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Analysts Conservatively Forecast Prices Will Average $3.25 in 2000

Analysts Conservatively Forecast Prices Will Average $3.25 in 2000

With June natural gas futures soaring to a dizzying high of $4.50 last week, projections by Lehman Brothers and Salomon Smith Barney that spot prices will average $3.50 the rest of the year seem a bit too conservative. A few weeks ago, those price levels would have seemed astronomical.

In a research note released May 19, Robert Morris of Salomon Smith Barney, said he expects prices to average $3.50 during the third quarter and $3.75 during the fourth quarter of this year. His full-year 2000 composite spot price forecast is now $3.25/MMBtu (raised from $2.78/MMBtu) and his 2001 forecast is $3.25/MMBtu, up from $2.65/MMBtu. Morris, however, admits these prices could be on the low side. The 12-month strip on Friday was $4.15 and the six-month strip was $4.239.

"[W]e expect deliverability to be off at least 1 Bcf/d this summer compared with last year. This is based on a, perhaps aggressive, assumption that the domestic natural gas rig count expands to 700 by November (the domestic natural gas rig count is currently 634). In addition, our analysis indicates that the domestic gas rig count would have to rise above 800 just to return domestic deliverability to where it stood at the beginning of 1999.

"In the interim, we expect the demand to increase due to continued economic expansion and the start up of new gas-fired electric generating capacity. Also, we don't expect much help from Canada this year with the fundamentals and storage outlook similar to the U.S."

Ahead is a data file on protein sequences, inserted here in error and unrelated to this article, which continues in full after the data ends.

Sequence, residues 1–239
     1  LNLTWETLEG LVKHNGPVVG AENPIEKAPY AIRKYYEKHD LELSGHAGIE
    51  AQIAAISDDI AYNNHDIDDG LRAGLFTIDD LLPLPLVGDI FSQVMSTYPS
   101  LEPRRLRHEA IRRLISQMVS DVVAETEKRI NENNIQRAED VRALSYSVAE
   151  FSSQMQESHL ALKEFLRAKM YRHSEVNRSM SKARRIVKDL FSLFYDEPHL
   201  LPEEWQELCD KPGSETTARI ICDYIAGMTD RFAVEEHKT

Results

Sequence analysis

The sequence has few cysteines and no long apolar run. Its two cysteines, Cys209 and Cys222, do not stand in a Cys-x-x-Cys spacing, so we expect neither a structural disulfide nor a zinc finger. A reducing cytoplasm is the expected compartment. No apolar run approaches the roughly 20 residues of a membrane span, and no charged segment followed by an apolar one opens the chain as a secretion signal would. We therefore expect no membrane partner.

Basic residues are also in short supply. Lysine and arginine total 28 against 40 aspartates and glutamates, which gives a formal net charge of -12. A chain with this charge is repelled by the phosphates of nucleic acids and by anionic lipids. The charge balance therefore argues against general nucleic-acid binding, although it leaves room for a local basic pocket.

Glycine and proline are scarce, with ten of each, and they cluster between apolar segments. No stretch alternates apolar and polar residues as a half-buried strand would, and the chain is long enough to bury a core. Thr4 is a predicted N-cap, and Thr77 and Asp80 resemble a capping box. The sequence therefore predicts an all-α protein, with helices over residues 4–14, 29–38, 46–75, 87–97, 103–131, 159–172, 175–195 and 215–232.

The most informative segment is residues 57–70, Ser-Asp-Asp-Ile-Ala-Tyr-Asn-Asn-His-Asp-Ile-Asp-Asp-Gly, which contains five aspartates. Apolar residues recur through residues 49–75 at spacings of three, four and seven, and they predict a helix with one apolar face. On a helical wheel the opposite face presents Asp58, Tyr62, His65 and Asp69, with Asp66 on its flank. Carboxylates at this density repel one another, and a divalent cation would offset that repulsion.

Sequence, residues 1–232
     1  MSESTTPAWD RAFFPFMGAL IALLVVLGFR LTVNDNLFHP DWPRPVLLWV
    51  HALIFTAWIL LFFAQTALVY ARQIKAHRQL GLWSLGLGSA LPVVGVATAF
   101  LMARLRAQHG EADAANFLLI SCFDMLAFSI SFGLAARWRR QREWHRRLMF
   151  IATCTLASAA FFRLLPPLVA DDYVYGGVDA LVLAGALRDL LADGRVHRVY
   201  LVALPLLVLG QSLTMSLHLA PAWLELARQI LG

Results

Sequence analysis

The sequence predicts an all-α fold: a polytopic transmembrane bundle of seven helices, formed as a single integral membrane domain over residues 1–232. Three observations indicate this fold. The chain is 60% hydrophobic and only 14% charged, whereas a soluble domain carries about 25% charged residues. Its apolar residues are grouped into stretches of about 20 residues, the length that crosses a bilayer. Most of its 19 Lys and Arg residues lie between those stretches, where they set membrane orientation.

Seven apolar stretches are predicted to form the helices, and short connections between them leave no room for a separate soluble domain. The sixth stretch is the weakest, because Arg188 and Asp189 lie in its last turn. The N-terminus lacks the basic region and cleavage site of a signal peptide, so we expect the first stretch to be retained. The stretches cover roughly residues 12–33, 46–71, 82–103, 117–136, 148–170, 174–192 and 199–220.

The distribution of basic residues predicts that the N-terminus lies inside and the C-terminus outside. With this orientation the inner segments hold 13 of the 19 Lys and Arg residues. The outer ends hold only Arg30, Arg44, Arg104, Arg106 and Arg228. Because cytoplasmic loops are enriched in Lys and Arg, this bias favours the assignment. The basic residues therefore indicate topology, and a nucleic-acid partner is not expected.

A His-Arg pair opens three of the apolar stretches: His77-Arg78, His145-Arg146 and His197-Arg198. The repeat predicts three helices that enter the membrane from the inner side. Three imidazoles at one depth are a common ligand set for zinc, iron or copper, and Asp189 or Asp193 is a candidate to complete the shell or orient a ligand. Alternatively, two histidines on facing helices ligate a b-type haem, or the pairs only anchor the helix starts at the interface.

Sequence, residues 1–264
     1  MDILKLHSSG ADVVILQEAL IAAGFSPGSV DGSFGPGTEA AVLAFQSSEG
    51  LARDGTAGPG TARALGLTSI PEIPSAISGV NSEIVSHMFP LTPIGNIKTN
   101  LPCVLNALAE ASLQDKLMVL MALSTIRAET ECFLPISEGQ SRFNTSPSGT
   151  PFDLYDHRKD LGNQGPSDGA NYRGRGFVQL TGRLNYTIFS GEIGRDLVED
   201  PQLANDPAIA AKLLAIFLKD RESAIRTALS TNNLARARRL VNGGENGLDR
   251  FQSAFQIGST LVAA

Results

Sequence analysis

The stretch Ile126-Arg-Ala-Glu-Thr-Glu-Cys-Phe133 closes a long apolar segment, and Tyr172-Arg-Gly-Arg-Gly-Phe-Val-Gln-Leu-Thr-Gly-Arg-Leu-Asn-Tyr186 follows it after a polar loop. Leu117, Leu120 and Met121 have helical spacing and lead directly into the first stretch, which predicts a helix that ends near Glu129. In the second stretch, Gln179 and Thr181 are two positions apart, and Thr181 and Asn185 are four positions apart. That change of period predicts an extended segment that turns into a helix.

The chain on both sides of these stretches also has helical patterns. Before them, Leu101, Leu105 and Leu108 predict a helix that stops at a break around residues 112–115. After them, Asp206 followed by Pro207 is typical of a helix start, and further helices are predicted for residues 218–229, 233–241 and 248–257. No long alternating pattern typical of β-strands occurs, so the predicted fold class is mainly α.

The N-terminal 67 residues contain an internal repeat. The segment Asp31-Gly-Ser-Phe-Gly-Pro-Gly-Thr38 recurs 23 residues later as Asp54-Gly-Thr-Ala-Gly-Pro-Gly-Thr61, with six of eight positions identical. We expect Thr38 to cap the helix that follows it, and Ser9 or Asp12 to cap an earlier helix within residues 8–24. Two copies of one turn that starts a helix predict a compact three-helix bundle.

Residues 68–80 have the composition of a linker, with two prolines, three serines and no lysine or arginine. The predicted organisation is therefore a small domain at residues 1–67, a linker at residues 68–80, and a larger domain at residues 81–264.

Meanwhile, Richard Gross, senior vice president of Lehman Brothers Energy Research, said he expects Henry Hub prices will average $3.30 this year and $3.35 in 2001.

The industry simply "can't fill storage and meet power needs this summer," Gross said in an interview with NGI last week. "We're going to get pretty high prices and we aren't going to get storage filled. As a result, we are going to have $3.25/MMBtu gas this year (average wellhead price) and $3.35 next year, and if we're wrong these prices are too low."

Gross, who discussed the booming market at the mid-year meeting of the Independent Petroleum Association two weeks ago, said he expects to see 2,600 Bcf of gas in storage on Nov. 1 if the industry can match the injection pace of 1999 over the same period, and that's a big "if."

"We've run about 2.2 Bcf/d less [than that] season to date. We've got about 20% of the season complete. The big fill --- whether we make or break the year --- is probably the next four or five weeks," he said. "Once we get into the cooling season, it's going to be tougher to get some of the big [injection] numbers. We'll get another crack at it in September and October, depending on what kind of weather we get. But so far, the early returns show it will be a struggle to meet both markets."